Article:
The IPA at 70 – Roy Stragnér

strag1My warmest congratulations on the 70th anniversary of the IPA!

The first time I heard about the IPA was from a college, when I worked as a police officer in Gothenburg. I was persuaded to take part, and became a member in 1966. I have now been a member for 54 years.

Having been a fairly passive member at first, after having visited a regional meeting one evening, I found myself elected on their committee, and this was how my engagement in IPA work started.
I found out that the Swedish Section had decided to organise an international meeting, the IEC conference in 1977. As the responsibility to arrange this conference was given to the IPA Region in Gothenburg, I became more and more involved, and suddenly found myself elected National President and responsible for the whole IEC meeting. We were extremely pleased when the Swedish King Carl XVI Gustaf accepted to come to Gothenburg and open the meeting. and also participated in the lunch with the IEC members following the opening ceremony. Police officers from about 30 sections were able to talk and spend time with the King of Sweden.

In 1982, I was elected as Vice President of the Permanent Executive Bureau (PEB), and in 1988, at the World Congress in Rotterdam, I was elected as International President. During this congress, we were once more honoured with the presence of royalty, as Queen Beatrix of the Netherlands took part in the closing of the congress.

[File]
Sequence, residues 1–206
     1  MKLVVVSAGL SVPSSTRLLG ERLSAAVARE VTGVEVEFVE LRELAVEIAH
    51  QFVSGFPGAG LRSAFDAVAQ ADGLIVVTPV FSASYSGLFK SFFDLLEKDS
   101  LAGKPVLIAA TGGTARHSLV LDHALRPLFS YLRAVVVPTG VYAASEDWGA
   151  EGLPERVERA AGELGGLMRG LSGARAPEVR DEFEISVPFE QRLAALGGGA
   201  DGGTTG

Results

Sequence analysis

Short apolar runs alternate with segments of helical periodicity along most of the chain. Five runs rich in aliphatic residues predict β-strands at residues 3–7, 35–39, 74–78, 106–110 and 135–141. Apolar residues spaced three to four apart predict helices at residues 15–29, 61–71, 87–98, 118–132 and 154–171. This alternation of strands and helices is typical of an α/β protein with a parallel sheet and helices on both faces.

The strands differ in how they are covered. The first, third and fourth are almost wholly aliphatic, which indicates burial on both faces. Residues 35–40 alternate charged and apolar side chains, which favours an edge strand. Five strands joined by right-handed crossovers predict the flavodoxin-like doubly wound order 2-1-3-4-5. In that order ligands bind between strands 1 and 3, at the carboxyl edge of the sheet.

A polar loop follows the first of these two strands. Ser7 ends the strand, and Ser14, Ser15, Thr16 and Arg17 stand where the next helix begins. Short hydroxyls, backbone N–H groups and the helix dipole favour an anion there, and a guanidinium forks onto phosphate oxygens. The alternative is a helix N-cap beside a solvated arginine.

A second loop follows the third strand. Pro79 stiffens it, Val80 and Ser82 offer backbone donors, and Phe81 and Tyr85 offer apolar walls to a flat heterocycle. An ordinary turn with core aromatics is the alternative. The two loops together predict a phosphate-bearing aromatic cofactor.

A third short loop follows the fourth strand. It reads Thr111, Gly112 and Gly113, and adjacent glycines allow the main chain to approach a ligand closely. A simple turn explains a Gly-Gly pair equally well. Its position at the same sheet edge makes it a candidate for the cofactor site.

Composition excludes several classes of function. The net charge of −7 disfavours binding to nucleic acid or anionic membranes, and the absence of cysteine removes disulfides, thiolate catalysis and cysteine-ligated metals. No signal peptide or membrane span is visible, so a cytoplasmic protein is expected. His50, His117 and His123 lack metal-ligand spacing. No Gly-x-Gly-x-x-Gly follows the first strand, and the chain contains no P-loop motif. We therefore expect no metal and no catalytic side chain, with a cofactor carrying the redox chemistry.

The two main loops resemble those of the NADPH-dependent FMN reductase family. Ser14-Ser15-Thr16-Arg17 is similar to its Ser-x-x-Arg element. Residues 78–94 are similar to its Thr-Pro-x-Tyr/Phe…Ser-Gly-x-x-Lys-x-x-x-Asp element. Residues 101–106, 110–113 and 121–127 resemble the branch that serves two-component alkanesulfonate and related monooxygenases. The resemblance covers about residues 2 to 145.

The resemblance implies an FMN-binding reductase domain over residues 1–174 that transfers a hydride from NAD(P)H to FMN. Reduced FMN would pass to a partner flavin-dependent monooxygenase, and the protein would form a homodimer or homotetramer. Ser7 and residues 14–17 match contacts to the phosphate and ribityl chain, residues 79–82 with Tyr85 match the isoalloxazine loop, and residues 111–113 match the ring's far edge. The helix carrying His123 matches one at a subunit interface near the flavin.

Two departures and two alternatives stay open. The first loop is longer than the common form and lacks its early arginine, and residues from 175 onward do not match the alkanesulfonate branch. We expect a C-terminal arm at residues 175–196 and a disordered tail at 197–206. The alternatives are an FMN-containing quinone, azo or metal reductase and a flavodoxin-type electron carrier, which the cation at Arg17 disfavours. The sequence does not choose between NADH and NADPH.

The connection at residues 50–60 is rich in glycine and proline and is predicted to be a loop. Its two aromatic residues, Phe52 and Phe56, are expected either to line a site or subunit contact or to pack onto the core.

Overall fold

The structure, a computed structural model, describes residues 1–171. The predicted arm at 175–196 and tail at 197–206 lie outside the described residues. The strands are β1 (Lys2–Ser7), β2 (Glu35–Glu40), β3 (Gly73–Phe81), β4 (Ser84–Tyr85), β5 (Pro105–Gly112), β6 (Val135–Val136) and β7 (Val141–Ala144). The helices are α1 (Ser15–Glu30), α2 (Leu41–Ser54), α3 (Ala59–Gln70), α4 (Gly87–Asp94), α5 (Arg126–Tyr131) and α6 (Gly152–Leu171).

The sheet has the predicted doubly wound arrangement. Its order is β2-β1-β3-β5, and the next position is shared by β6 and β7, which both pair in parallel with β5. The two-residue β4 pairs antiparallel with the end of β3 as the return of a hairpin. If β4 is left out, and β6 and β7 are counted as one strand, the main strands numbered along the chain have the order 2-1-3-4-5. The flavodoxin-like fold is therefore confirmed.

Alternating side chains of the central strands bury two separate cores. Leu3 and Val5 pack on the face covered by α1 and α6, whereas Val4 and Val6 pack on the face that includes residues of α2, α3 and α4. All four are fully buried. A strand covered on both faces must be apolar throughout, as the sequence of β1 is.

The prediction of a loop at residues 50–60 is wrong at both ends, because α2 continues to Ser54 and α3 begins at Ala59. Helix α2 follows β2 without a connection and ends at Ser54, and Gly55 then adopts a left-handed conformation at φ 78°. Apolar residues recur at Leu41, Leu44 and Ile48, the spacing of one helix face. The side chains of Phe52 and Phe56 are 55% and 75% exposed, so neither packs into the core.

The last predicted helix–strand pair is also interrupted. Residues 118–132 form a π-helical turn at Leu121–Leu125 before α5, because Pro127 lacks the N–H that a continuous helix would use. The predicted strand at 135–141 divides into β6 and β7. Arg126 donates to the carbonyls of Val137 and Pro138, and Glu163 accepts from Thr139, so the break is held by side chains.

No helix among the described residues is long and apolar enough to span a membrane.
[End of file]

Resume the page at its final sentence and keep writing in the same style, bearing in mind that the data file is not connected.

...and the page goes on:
During my time on the international board, the IPA was faced with the loss of our UN status, unfairly in my opinion, which was due to the political situation in South Africa and the fact that we had South African members. This presented an enormous loss of prestige for the IPA.strag3

Thanks to the good work of our representative at the UN in Geneva, Michel Joye, and our representative in Vienna, Alfred Bauer, we succeeded in obtaining a very good informal contact with the UN, and the IPA was able to make our opinion clear. In New York, our representative Bill Rochford, equally made sure that that IPA was not forgotten.

In 1995, I had the privilege to be present at the UN, together with our Secretary General Alan Carter and Bill Rochford, when the ambassadors responsible for Non-Governmental Organisations voted unanimously in favour of our application for renewed membership.

During my time as International President, the borders in Eastern Europe opened, enabling people to travel again, similar to the situation we had when the IPA was born in 1950. We saw an increased interest in our association, and our Secretary General Theo Leenders and I visited many of the countries to explain what the IPA is about. Our number of member sections during this period increased.

Unfortunately, we now face a situation where interest in idealistic organisations in general is decreasing. It has become easy to find cheap travel options, and this problem does not only affect the IPA, but most idealistic organisations. With the Coronavirus situation, we once again face closed borders and are isolated in our homes. Perhaps we can turn this situation into something positive, when once again the borders open and we are able to meet each other.

I wish our association all the best for the future. The IPA has been part of my life for so long, and I really wish that we will be able see a positive development. Perhaps we need to find new activities, and perhaps we have to let Gimborn play a larger and more active part. I am convinced that the current IEB will be able to find new avenues to explore and allow our association to flourish and grow.


My sincere good wishes to you all for the years to come.


Nuoroda į šaltinį

Susiję straipsniai



įveskite savo komentarą!
įveskite savo vardą čia

Dalytis straipsniu

Naujausi straipsniai

track image